The late Tom Kent was practically raised to sainthood by the Liberal Party of Canada. It was Kent’s ideas that fuelled the rebirth of the party in the 1960s. His ideas also spurred the growth of the left wing of the party. And it was the growing and vocal left wing of the party that pushed through Medicare and welcomed the leadership of Pierre Trudeau.
Yet we never thought of Tom Kent as a social democrat. That idea is being promoted by former New Democratic Party leader Ed Broadbent. It seems that Kent wrote a paper on the future of social programs for the Broadbent Institute. What is unusual about the paper is that it advocates refundable credits in federal income tax to combat poverty and further other social democracy objectives. He uses the example of the Baby Bonus cheques that went to the mothers that were replaced by the supposedly more sophisticated child tax credit in the federal income tax.
But the monthly child credit still goes mainly to the mother or to her bank account. The tax system is then used to claw back the money from families with better incomes. Not even Stephen Harper has been able to find a more effective system to distribute these funds. And it is hardly an example of the use of refundable credits in the tax system.
Refundable credits are the ones where the taxpayer spends the money and then claims the refund in the subsequent year’s income tax. That system was used for the home repair credits in Harper’s economic stimulus plan and seemed to do no more than ensure people got receipts and paid the GST for their home improvement expenditures instead of keeping them hidden. The real amount of economic stimulus was probably limited.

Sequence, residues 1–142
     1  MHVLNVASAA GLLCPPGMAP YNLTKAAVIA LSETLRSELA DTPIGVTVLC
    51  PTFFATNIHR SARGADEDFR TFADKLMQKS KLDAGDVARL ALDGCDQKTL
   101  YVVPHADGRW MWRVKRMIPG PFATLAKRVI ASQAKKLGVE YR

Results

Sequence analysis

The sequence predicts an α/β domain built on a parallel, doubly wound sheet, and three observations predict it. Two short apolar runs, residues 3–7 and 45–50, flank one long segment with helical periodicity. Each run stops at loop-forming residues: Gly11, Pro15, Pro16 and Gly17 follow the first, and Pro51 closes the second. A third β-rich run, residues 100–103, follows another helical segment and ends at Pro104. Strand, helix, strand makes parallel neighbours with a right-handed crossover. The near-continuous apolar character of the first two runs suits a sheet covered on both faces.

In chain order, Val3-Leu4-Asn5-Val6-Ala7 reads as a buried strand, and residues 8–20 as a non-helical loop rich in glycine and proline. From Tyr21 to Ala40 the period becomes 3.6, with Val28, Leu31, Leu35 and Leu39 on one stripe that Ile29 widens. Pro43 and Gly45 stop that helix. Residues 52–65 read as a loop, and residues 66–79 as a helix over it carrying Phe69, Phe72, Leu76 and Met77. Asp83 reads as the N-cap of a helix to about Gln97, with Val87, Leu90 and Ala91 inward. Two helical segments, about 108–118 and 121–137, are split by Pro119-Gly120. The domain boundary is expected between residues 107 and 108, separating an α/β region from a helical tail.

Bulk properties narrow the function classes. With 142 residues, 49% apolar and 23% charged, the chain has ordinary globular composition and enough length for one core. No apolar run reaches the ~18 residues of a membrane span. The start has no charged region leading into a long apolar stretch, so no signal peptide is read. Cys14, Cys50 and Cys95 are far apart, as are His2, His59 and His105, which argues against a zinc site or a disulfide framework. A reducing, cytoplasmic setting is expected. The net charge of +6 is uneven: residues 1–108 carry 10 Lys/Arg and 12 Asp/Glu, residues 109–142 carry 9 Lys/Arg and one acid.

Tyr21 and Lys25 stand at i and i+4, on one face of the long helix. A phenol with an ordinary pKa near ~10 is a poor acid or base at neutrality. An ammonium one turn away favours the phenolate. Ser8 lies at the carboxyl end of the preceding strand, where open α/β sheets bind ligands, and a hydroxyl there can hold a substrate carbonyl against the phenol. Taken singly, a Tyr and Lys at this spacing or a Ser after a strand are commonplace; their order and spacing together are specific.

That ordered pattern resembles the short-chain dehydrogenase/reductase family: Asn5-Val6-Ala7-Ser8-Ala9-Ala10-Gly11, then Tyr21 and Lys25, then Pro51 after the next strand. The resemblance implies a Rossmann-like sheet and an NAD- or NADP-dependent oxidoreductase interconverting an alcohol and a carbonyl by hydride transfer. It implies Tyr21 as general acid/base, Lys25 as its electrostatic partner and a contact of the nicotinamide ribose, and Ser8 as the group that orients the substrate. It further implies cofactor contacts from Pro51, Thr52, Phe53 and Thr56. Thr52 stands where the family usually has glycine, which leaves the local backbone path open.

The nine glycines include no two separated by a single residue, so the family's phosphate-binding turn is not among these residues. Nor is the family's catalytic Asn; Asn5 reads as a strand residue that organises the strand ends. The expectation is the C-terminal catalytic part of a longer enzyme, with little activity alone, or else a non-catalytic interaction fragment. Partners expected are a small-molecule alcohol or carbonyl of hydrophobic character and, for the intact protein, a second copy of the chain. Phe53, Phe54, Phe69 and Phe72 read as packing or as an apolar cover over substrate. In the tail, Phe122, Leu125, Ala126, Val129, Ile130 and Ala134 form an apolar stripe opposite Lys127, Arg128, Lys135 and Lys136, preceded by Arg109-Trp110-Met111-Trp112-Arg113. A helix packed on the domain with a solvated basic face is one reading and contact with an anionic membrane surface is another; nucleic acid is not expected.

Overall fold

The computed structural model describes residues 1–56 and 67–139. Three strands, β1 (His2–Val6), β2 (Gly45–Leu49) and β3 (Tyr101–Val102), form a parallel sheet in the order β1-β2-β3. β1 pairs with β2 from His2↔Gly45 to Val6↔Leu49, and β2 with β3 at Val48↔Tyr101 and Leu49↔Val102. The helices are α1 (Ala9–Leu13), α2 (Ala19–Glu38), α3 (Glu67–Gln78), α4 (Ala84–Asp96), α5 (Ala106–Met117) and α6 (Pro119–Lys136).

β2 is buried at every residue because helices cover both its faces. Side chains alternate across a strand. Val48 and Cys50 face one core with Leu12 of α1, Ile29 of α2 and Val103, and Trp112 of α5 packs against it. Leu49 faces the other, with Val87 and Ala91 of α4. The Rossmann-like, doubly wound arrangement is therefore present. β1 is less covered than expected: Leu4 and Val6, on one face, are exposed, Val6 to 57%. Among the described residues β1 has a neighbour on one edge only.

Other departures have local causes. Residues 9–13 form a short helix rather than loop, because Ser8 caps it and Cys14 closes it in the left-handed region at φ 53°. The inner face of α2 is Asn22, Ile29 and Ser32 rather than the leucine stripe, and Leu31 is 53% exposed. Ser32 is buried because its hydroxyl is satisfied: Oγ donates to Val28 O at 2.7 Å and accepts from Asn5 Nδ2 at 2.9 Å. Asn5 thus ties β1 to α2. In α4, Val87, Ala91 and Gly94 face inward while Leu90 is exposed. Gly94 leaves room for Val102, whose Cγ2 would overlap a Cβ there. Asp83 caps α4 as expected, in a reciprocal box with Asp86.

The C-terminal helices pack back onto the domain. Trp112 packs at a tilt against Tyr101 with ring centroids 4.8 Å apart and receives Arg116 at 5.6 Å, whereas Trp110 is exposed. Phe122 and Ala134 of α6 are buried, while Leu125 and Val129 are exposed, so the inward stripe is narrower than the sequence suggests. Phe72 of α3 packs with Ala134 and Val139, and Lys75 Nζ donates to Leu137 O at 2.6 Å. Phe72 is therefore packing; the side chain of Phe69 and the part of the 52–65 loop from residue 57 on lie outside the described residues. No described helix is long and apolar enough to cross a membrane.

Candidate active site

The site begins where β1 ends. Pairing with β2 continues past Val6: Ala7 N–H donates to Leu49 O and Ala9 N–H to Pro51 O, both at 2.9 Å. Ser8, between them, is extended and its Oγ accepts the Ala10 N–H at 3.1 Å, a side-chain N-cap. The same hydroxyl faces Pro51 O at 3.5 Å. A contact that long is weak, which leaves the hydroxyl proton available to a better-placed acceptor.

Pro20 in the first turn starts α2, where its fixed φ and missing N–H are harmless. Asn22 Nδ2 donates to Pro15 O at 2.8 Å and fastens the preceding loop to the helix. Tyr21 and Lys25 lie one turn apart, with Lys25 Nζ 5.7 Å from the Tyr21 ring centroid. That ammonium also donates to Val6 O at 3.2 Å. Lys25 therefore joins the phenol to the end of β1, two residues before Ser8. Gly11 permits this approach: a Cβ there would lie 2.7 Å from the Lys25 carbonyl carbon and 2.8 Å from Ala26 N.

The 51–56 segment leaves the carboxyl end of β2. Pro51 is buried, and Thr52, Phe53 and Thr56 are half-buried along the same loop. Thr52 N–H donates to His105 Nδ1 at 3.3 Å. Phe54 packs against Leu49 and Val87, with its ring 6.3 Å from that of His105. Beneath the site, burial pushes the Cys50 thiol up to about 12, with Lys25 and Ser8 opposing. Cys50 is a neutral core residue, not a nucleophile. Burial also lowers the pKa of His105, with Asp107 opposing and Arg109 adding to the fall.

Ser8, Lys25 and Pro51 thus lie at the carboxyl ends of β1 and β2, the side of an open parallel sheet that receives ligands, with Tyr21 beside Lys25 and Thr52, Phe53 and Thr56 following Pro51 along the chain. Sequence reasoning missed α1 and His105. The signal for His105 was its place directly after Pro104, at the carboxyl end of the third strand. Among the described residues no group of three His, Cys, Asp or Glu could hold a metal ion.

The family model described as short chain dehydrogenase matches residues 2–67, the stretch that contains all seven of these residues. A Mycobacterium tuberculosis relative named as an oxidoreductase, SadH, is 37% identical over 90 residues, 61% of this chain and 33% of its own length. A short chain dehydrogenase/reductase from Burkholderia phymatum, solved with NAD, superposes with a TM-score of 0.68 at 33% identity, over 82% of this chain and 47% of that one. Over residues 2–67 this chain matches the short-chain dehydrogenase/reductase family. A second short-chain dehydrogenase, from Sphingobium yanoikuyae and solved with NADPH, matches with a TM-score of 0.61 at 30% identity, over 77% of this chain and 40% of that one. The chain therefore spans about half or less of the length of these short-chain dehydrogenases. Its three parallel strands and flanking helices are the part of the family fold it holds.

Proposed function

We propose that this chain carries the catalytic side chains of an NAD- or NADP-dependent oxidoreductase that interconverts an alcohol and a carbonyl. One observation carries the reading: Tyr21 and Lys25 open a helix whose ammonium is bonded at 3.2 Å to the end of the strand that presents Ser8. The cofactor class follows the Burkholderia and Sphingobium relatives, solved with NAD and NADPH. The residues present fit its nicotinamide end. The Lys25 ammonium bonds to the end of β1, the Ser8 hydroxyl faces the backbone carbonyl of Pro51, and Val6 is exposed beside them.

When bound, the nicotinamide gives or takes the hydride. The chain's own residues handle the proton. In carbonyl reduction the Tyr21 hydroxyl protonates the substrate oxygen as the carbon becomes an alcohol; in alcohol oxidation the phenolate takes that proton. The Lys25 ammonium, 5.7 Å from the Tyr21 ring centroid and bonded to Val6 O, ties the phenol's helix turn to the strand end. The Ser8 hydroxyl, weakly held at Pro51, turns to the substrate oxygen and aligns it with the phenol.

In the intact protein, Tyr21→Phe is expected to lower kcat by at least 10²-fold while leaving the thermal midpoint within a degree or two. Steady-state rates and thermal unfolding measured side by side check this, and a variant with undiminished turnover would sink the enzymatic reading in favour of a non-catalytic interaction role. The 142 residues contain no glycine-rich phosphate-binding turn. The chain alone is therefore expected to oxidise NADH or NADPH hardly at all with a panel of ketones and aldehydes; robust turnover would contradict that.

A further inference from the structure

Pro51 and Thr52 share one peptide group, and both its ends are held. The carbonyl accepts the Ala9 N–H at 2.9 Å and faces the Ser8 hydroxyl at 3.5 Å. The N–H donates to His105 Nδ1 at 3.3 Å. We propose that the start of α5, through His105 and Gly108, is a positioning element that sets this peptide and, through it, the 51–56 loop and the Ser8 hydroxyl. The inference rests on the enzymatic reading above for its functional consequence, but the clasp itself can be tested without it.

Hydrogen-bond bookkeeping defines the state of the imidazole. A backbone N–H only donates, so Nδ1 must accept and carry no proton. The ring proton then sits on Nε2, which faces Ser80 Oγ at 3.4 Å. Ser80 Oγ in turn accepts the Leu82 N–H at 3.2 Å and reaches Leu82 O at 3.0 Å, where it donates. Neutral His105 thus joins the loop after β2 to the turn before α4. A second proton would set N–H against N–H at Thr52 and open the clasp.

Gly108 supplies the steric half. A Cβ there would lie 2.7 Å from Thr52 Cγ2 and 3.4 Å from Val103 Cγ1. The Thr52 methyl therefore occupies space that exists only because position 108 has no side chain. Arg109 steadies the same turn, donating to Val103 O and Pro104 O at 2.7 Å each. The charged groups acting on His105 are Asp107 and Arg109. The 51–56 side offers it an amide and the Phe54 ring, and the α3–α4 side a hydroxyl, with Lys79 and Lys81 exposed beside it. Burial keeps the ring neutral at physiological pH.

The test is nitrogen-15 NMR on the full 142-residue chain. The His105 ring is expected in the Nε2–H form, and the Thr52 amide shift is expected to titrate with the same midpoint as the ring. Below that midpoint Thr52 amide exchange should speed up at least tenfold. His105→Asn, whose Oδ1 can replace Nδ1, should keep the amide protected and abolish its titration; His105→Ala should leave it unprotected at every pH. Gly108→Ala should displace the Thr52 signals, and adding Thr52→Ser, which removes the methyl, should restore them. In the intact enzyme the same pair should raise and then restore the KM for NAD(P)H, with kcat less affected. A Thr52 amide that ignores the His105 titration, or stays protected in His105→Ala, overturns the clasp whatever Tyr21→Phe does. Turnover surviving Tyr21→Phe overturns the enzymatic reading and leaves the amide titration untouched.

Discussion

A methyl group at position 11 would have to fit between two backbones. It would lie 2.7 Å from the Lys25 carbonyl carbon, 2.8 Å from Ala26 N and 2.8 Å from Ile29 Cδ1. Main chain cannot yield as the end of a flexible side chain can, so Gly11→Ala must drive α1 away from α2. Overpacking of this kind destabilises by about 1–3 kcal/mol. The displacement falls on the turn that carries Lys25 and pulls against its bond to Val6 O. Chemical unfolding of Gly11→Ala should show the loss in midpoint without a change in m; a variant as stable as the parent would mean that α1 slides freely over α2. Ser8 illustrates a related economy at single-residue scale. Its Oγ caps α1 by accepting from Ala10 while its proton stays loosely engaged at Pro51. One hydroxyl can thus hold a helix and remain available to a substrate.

The most serious basic social need in this country is a guaranteed annual income for every person. This is a basic income to keep a roof over their head and a proper diet on the table. It is neither generous nor fun but it does ensure survival and an opportunity to earn more. It is not something that can be paid in the subsequent year, based on your failure to earn an income this year.
That is what a Liberal believes in: basic dignity for the individual in our society. That is also what a social democrat should believe in.
We are not too sure what point Ed Broadbent is trying to make with Tom Kent’s paper. The way it was said in the version we saw, the refundable tax credit system was a roundabout way to make social programs work under our current government system. The time is long overdue to change that system.
Copyright 2011 © Peter Lowry
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